PM leaves daughter
in the pub

The Prime Minister and his wife Samantha recently left their eight-year-old daughter Nancy behind in the pub.

They realised their mistake when they got back to Chequers.

On the surface, this seems to be a shocking example of parental neglect. How could you possibly leave your child behind as you stagger home after lunchtime drinks?

But according to the Daily Mail, the problem was one of logistics. The Prime Minister went home with his bodyguards, while Sam whizzed back to Chequers in a second car. Each assumed that little Nancy was with the other. Easily done. (I expect there were all sorts of people missing on the Thames after the Jubilee flotilla. Camilla clearly got into the wrong coach at one point because she ended up sitting next to the Queen.)

So I don’t think we should rush to judgement.

On the other hand, I feel it is entirely fair to point out that I have never left Robin in the Red Lion in Fitton. It’s not just the E.coli. The dark and threatening interior of our local pub would, I feel sure, scar a small child for life.

Why Jeremy Hunt is missing the point

As I see it, it makes no difference whether or not Jeremy Hunt is squeaky clean. (Read the latest from the BBC here.)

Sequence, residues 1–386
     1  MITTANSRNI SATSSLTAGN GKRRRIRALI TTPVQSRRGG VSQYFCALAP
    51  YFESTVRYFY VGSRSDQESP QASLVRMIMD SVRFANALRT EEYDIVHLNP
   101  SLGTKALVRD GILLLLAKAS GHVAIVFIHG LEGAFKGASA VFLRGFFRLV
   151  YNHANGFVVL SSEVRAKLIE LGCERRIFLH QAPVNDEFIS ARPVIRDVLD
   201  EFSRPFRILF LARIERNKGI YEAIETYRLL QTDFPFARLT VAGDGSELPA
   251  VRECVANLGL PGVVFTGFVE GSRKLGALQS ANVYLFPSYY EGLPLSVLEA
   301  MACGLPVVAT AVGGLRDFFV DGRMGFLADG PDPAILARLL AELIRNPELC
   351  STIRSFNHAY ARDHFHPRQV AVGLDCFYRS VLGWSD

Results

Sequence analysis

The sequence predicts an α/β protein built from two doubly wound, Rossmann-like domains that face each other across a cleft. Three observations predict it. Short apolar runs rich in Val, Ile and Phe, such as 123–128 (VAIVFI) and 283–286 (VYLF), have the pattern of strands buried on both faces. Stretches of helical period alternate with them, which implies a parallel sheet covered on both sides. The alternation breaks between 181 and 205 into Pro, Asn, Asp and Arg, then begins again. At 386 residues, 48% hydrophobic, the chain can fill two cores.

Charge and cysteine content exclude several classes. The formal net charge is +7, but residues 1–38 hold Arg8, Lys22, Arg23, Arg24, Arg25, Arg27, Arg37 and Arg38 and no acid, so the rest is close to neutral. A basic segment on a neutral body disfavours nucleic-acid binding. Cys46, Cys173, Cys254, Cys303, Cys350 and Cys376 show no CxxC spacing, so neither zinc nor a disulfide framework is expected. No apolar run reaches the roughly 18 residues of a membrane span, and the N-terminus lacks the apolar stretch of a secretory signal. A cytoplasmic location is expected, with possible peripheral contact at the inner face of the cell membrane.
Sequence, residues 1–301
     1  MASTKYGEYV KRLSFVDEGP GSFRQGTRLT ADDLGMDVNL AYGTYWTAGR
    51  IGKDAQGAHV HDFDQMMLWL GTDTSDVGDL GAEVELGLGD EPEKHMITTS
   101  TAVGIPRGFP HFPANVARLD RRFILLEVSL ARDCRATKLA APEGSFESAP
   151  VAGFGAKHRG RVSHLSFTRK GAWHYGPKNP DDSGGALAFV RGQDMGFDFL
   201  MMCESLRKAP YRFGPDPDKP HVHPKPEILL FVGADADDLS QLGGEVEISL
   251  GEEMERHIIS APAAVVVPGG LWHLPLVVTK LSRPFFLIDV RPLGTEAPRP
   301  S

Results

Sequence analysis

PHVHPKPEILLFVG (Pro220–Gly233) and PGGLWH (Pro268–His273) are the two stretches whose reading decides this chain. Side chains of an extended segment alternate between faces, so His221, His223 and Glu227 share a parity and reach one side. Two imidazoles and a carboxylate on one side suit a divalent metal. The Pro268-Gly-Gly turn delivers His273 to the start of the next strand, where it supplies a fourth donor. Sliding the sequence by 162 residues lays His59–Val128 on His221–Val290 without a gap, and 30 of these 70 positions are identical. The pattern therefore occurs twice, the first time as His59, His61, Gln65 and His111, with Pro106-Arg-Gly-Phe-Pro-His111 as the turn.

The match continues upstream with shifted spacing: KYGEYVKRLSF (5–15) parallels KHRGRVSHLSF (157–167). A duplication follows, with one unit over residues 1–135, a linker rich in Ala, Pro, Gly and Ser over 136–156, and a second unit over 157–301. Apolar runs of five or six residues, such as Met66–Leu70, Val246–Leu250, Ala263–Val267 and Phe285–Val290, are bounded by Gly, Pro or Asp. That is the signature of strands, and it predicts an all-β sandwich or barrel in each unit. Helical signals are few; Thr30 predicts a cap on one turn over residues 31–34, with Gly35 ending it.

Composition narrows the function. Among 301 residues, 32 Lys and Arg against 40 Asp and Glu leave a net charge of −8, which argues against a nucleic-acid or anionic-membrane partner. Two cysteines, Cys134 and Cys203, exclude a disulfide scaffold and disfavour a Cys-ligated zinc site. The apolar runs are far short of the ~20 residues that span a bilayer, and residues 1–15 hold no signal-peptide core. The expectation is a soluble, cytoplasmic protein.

The point is, he has to take responsibility for what his staff was doing. It’s not just because it’s the right thing to do. It’s because everything falls apart without strong leadership. Imagine if the manager of our local Tesco claimed he wasn’t responsible for mistakes at the checkout (many and various, in my opinion). Or if Rachel Jensen tried to put the blame for year 1’s revolting pornographic graffiti on the lovely Miss Black. Or if Mary our vicar said she wasn’t responsible for the dramatic decline in church attendance. (I do wonder, in fact, if this is something we should discuss as a community.)

The point is that if you put yourself up for high office, you have to accept that you carry the can. It’s all very well wafting about the country courting headlines (or hiding behind trees), but you also have to be prepared to take the blame when things go wrong.

The good thing about taking responsibility is that you can also claim all the credit when you score a resounding success. As I do, frequently, whenever anyone mentions St Jude’s PTA.

Do, please, refresh your memories by reading chapter 1 of How I Seized Power: A Handbook for Leaders Everywhere.

My selfless service to the community

So much voluntary work goes unrewarded. It’s hidden work by unseen hands. I certainly felt, as the inspirational leader of St Jude’s PTA, that I never quite got the recognition I deserved.

Mothers generally, of course, are rarely rewarded. Sometimes, picking Lego from the ever-sucking Dyson, I wonder where I get the strength to continue.

Only the other day the lovely Urmila in Fitton Chemist, clearly anxious that I was pushing myself too hard, said, ‘Have you ever considered letting others have a turn?’ But I can’t see how Fitton would operate without me. A quiet word here, a handwritten notice there  –  my behind-the-scenes interventions keep community life running smoothly.

I was reminded of this as I listened to Today on Radio 4. When Southampton plays Portsmouth, apparently, the police move heaven and earth to ensure that the warring football fans never meet. The only sign of their success is the absence of violent clashes.

That must be quite soul-destroying  – measuring your success by things not happening.